Cluster analysis is a statistical technique used to identify how various units (people, groups, or societies), can be grouped together because of characteristics they have in common. It is an exploratory data analysis tool that aims to sort different objects into groups in such a way that when they belong to the same group they have a maximal degree of association and when they do not belong to the same group their degree of association is minimal. Unlike some other statistical techniques, the structures that are uncovered through cluster analysis need no explanation or interpretation – it discovers structure in the data without explaining why they exist.

Clustering exists in almost every aspect of our daily lives. Take, for example, items in a grocery store. Different types of items are always displayed in the same or nearby locations – meat, vegetables, soda, cereal, paper products, etc. Researchers often want to do the same with data and group objects into clusters that make sense.

In another example, let’s say we are looking at countries and want to group them into clusters based on characteristics such as division of labor, militaries, technology, educated population, etc. We would find that Britain, Japan, France, Germany, and the United States have similar characteristics and would be clustered together. China, Uganda, and Nicaragua would be also be grouped together in a different cluster because they share a different set of characteristics, including low levels of wealth, simpler divisions of labor, relatively unstable and undemocratic political institutions, and low technological development.

Cluster analysis is typically used in the exploratory phase of research when the researcher does not have any pre-conceived hypotheses. It is commonly not the only statistical method used, but rather is done toward the beginning phases of a project to help guide the rest of the analysis. For this reason, significance testing is usually neither relevant nor appropriate.

There are several different types of cluster analysis. The two most commonly used are K-means clustering and hierarchical clustering.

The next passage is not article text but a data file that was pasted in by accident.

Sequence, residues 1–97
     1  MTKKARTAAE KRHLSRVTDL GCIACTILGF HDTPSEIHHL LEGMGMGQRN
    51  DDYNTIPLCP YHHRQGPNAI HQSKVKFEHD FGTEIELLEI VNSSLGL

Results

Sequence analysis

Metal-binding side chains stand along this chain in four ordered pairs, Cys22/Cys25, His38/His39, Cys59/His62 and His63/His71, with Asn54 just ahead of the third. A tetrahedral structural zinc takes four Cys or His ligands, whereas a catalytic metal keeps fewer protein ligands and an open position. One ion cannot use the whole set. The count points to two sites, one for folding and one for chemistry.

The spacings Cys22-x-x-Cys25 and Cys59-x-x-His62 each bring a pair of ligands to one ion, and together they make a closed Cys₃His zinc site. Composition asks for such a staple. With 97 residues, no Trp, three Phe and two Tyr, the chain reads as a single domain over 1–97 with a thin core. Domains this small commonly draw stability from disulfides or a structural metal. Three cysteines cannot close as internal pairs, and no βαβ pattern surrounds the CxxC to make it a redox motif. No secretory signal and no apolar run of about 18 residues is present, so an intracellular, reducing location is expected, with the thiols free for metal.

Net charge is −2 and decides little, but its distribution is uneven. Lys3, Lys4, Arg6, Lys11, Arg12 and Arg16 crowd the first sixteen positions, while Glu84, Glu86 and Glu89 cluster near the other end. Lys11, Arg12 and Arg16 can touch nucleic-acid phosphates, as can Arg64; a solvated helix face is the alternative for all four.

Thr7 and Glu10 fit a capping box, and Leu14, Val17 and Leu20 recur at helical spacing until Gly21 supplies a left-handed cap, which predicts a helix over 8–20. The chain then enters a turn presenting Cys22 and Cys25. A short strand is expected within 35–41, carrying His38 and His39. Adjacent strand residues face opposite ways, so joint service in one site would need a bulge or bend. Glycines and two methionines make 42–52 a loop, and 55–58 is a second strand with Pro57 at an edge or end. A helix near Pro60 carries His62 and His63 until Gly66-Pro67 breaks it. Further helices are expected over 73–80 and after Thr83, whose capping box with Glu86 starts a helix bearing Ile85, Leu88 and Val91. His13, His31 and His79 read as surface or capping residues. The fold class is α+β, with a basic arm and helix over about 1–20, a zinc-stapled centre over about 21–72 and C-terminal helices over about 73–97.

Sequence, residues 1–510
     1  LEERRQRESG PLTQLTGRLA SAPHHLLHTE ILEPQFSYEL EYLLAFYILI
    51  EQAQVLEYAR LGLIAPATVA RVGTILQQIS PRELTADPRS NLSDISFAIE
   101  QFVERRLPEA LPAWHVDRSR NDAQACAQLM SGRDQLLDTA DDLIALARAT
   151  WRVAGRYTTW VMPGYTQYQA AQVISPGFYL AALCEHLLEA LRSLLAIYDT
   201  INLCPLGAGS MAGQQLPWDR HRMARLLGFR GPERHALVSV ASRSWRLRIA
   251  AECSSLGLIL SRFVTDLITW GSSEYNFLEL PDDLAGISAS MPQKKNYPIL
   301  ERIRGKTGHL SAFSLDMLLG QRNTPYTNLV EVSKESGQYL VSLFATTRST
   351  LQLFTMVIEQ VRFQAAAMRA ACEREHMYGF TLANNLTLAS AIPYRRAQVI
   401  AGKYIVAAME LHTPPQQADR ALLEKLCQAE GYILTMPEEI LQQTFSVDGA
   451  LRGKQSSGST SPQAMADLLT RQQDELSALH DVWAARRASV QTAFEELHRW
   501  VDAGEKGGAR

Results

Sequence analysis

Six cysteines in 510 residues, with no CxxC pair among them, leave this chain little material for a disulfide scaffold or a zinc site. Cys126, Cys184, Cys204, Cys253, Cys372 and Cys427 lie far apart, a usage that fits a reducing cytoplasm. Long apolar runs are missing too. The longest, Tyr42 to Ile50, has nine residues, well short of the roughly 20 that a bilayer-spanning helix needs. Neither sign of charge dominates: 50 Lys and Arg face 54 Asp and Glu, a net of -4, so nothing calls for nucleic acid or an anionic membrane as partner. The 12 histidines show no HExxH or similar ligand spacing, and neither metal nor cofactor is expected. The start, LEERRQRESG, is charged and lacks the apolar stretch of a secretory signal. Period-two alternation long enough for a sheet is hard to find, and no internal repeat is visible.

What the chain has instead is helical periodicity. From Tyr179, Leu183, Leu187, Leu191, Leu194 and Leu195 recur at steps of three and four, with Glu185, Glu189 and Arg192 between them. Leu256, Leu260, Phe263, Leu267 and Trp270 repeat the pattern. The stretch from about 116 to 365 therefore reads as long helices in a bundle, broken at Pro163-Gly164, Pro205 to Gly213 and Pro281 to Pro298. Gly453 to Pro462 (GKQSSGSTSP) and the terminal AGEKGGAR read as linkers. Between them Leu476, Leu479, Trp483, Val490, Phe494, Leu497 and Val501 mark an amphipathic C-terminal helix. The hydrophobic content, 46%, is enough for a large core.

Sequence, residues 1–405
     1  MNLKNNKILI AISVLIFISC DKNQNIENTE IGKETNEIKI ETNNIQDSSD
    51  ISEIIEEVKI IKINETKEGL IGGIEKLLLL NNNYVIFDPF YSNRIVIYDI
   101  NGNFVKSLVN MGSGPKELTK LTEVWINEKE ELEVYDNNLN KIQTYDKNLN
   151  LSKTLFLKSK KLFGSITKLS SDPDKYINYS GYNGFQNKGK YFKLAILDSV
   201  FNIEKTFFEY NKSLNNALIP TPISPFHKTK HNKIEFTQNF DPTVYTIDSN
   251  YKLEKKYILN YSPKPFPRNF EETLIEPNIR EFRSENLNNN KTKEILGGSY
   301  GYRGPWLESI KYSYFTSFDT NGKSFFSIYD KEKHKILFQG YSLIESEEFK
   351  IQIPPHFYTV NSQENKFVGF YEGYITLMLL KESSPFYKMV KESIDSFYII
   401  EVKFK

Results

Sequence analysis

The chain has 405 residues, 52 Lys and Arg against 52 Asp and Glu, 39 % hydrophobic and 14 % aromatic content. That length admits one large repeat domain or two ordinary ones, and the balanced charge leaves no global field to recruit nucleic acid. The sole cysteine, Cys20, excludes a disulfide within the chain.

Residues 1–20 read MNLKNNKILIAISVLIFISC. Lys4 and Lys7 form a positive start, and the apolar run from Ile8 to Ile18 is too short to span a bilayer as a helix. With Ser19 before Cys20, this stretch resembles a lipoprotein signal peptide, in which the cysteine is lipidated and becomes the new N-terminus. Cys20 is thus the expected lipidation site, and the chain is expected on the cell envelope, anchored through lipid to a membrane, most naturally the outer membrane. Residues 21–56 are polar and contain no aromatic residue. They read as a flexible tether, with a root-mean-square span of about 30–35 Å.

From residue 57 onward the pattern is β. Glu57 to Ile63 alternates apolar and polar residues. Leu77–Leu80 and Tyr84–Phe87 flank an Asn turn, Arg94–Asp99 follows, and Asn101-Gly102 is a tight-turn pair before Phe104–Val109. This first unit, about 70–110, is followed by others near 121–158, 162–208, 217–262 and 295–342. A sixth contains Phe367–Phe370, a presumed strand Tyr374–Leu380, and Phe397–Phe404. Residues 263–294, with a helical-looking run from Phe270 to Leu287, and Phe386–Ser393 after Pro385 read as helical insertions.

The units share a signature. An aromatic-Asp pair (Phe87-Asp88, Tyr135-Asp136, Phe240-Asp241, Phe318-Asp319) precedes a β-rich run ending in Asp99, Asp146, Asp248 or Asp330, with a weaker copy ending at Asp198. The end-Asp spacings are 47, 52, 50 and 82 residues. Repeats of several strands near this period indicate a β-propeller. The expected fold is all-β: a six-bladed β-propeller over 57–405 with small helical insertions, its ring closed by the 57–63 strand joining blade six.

**K-means Clustering**

K-means clustering treats the observations in the data as objects having locations and distances from each other (note that the distances used in clustering often do not represent spatial distances). It partitions the objects into K mutually exclusive clusters so that objects within each cluster are as close to each other as possible and at the same time, as far from objects in other clusters as possible. Each cluster is then characterized by it’s mean, or center point.

**Hierarchical Clustering**

Hierarchical clustering is a way to investigate groupings in the data simultaneously over a variety of scales and distances. It does this by creating a cluster tree with various levels. Unlike K-means clustering, the tree is not a single set of clusters. Rather, the tree is a multi-level hierarchy where clusters at one level are joined as clusters at the next higher level. The algorithm that is used starts with each case or variable in a separate cluster and then combines clusters until only one is left. This allows the researcher to decide what level of clustering is most appropriate for his or her research.

**Performing A Cluster Analysis**

Most statistics software programs can perform cluster analysis. In SPSS, select *analyze* from the menu, then *classify* and *cluster analysis*. In SAS, the *proc cluster* function can be used.

_{ References Mathworks. (Accessed January 2012). Statistics Toolbox: Cluster Analysis. http://www.mathworks.com/products/statistics/demos.html?file=/products/demos/shipping/stats/clusterdemo.html StatSoft, Inc. (2011). Electronic Statistics Textbook. Tulsa, OK: StatSoft. WEB: http://www.statsoft.com/textbook/. }